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Members of both parties criticize Trump's 'confidence' in Kim Jong Un

President Donald Trump and Kim Jong Un, the North Korean leader, shake hands at their summit in Hanoi, Vietnam, Feb. 27, 2019. North Korea said on May 15 that it was suffering its worst drought in 37 years, adding to a food crisis that the United Nations said would worsen in coming months without urgent outside aid. (Copyright 2019/Doug Mills/The New York Times)

WASHINGTON - Members of both parties criticized President Donald Trump's handling of North Korea on Sunday after the president tweeted that he has "confidence" in Kim Jong Un and quoted North Korean state-run media's assessment that former Vice President Joe Biden is a "low IQ individual."

Rep. Adam Kinzinger, R-Ill., a military veteran who sits on the House Foreign Affairs Committee, cited the Memorial Day holiday in taking issue with Trump's message.

"It's Memorial Day Weekend and you're taking a shot at Biden while praising a dictator," Kinzinger tweeted. "This is just plain wrong."

Another Republican, Sen. Joni Ernst of Iowa, said she "certainly wouldn't trust" Kim. Ernst, who is also a veteran and serves on the Senate Armed Services Committee, said she was disturbed by North Korea's recent missile test and by Trump's reaction.

"I think Japan does have reason to be concerned, and I am concerned as well," she said on CNN's "State of the Union." "We need to see North Korea back off of those activities, and we need to take a very strong stance on that."

The issue arose after Trump, who is on a state visit to Japan, tweeted that North Korea's recent missile tests were not of concern, contradicting a recent statement by national security adviser John Bolton.

"North Korea fired off some small weapons, which disturbed some of my people, and others, but not me," the president tweeted. "I have confidence that Chairman Kim will keep his promise to me, & also smiled when he called Swampman Joe Biden a low IQ individual, & worse. Perhaps that's sending me a signal?"

South Bend, Indiana, Mayor Pete Buttigieg, who is running for the Democratic presidential nomination, said that when Trump met with Kim last year in Singapore and this year in Hanoi, Vietnam, "he was handing North Korea something that country needed, which was legitimacy."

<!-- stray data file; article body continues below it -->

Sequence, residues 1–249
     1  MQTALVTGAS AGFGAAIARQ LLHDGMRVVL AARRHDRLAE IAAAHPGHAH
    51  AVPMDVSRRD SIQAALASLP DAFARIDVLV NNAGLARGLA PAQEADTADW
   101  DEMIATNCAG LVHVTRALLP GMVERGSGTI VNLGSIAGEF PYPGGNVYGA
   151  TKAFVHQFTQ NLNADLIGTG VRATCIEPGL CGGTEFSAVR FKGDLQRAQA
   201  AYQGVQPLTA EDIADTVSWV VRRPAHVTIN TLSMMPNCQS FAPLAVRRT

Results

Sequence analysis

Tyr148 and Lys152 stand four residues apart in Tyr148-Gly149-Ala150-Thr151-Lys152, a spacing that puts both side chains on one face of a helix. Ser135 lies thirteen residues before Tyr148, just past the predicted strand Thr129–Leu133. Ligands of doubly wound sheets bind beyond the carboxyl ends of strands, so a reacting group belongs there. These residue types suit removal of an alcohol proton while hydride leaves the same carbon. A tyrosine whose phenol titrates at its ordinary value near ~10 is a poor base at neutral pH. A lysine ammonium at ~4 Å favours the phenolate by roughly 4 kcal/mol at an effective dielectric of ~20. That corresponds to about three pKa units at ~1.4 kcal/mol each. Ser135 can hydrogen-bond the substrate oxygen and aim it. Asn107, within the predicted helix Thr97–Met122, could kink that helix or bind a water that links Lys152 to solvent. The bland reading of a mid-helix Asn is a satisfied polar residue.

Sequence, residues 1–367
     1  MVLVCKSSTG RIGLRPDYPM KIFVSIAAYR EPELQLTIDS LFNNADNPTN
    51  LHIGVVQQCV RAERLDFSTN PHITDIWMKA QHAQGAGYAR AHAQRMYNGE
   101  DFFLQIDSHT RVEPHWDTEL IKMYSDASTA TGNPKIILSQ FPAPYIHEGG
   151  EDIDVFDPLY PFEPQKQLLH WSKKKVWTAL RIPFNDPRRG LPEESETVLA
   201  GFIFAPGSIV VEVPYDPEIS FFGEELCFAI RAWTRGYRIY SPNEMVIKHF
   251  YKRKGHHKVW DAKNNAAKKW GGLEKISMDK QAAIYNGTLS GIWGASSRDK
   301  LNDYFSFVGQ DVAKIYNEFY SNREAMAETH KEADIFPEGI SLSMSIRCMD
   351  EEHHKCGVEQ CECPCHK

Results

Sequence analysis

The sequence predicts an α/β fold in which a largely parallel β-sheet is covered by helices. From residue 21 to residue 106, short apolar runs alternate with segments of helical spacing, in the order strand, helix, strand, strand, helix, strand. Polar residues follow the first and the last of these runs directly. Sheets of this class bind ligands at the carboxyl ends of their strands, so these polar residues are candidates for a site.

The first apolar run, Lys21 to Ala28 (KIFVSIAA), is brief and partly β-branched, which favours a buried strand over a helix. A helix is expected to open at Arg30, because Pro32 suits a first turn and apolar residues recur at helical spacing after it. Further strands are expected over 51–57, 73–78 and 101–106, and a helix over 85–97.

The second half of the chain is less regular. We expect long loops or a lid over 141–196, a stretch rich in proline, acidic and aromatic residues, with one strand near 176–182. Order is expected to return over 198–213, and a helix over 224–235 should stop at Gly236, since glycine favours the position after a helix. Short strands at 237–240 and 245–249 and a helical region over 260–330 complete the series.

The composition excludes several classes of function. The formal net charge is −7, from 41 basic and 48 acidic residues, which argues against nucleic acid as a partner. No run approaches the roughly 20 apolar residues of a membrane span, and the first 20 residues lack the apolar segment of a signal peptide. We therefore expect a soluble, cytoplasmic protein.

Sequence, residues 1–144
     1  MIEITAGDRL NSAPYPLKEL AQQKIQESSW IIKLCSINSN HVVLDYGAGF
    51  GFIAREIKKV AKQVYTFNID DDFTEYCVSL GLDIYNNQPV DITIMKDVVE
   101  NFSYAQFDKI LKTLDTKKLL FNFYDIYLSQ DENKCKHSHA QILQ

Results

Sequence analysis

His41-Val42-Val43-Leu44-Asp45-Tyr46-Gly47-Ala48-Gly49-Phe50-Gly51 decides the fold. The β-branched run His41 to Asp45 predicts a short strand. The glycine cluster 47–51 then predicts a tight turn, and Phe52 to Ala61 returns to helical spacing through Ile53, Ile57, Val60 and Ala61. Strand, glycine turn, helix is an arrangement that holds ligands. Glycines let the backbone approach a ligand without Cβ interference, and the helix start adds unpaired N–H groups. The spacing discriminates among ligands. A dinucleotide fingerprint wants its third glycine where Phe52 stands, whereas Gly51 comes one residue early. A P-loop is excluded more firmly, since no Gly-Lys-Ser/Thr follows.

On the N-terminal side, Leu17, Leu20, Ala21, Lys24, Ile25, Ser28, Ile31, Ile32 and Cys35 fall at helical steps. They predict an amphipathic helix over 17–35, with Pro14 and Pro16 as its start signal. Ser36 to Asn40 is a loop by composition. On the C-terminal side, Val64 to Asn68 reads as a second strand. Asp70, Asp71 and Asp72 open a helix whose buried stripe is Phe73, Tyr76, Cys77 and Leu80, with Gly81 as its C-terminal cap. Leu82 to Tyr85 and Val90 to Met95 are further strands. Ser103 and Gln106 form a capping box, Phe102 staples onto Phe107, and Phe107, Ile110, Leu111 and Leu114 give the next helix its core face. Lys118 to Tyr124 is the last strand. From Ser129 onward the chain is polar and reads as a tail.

"And the way diplomacy works - the way deals work - is you give someone something in return for something," Buttigieg said on ABC's "This Week." "It hasn't worked at all."

On CNN, Ernst added that she understands Trump "has a job to do in negotiating, but we do need to push back on North Korea and make sure that they are following U.N. guidelines."

White House press secretary Sarah Sanders defended the president's comments Sunday. In an appearance on NBC's "Meet the Press," Sanders was asked by host Chuck Todd whether Americans should "be concerned that the president of United States is essentially siding with a murderous, authoritarian dictator over a former vice president in the United States."

Sanders disputed that characterization. "Chuck, the president's not siding with that," she said. "But I think they agree in their assessment of former Vice President Joe Biden."

Pressed on whether Trump is taking Kim's word about Biden, Sanders said the president "doesn't need somebody else to give him an assessment of Joe Biden. He's given his own assessment a number of times."

As for North Korea's missile tests, Sanders said, "Some of the activity that's taken place, as you can see from the president's Twitter, isn't something that's bothering the president. He still feels good about the relationship that he has and about Chairman Kim's commitment that he made to the president."

Biden is leading early polls for the 2020 Democratic presidential nomination and has become a prime focus of attacks by Trump and other Republicans.

Biden's campaign on Sunday pointed to a statement it made last week in response to remarks by North Korea's state-run news agency that Biden has a low IQ, which itself was a response to Biden's criticism of the regime.

In that statement, Biden spokesman Andrew Bates said Trump has "been repeatedly tricked in to making major concessions to the murderous regime in Pyongyang while getting nothing in return."

"Given Vice President Biden's record of standing up for American values and interests, it's no surprise that North Korea would prefer that Donald Trump remain in the White House," he said.

Others argued that Trump is acting strategically in his dealings with the authoritarian regime.

Sen. Lindsey Graham, R-S.C., a close Trump ally, said that he was "glad the president is engaging" Kim and that the president was "trying to give North Korea some space to come back to the table and end this."

"Like every other president, he's trying hard to stop the advance of nuclear armament in North Korea," Graham said on "Fox News Sunday." He added: "I'll give Trump the space he needs to deal with Kim. But I'll remind the president: You have to deliver on this. This is one of the signature issues of your administration."

This article was written by Felicia Sonmez, a reporter for The Washington Post. The Washington Post's Paige Winfield Cunningham and Simon Denyer contributed to this report.